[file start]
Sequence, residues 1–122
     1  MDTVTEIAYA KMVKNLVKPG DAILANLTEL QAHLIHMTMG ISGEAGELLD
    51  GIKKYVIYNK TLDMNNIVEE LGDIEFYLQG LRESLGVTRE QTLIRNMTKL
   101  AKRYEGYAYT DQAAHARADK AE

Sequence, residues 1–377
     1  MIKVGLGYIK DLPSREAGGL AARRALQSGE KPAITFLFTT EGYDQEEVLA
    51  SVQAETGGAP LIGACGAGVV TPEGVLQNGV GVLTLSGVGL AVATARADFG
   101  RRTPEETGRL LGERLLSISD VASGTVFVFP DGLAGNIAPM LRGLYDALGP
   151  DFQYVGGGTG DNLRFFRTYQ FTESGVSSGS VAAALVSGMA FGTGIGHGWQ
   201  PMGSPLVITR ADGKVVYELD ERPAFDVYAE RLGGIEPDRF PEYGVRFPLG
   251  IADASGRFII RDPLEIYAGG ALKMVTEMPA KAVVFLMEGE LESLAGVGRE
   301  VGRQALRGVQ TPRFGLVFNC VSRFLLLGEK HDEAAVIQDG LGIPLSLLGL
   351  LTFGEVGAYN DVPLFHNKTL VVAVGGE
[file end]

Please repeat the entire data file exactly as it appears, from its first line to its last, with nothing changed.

Sequence, residues 1–122
     1  MDTVTEIAYA KMVKNLVKPG DAILANLTEL QAHLIHMTMG ISGEAGELLD
    51  GIKKYVIYNK TLDMNNIVEE LGDIEFYLQG LRESLGVTRE QTLIRNMTKL
   101  AKRYEGYAYT DQAAHARADK AE

Sequence, residues 1–377
     1  MIKVGLGYIK DLPSREAGGL AARRALQSGE KPAITFLFTT EGYDQEEVLA
    51  SVQAETGGAP LIGACGAGVV TPEGVLQNGV GVLTLSGVGL AVATARADFG
   101  RRTPEETGRL LGERLLSISD VASGTVFVFP DGLAGNIAPM LRGLYDALGP
   151  DFQYVGGGTG DNLRFFRTYQ FTESGVSSGS VAAALVSGMA FGTGIGHGWQ
   201  PMGSPLVITR ADGKVVYELD ERPAFDVYAE RLGGIEPDRF PEYGVRFPLG
   251  IADASGRFII RDPLEIYAGG ALKMVTEMPA KAVVFLMEGE LESLAGVGRE
   301  VGRQALRGVQ TPRFGLVFNC VSRFLLLGEK HDEAAVIQDG LGIPLSLLGL
   351  LTFGEVGAYN DVPLFHNKTL VVAVGGE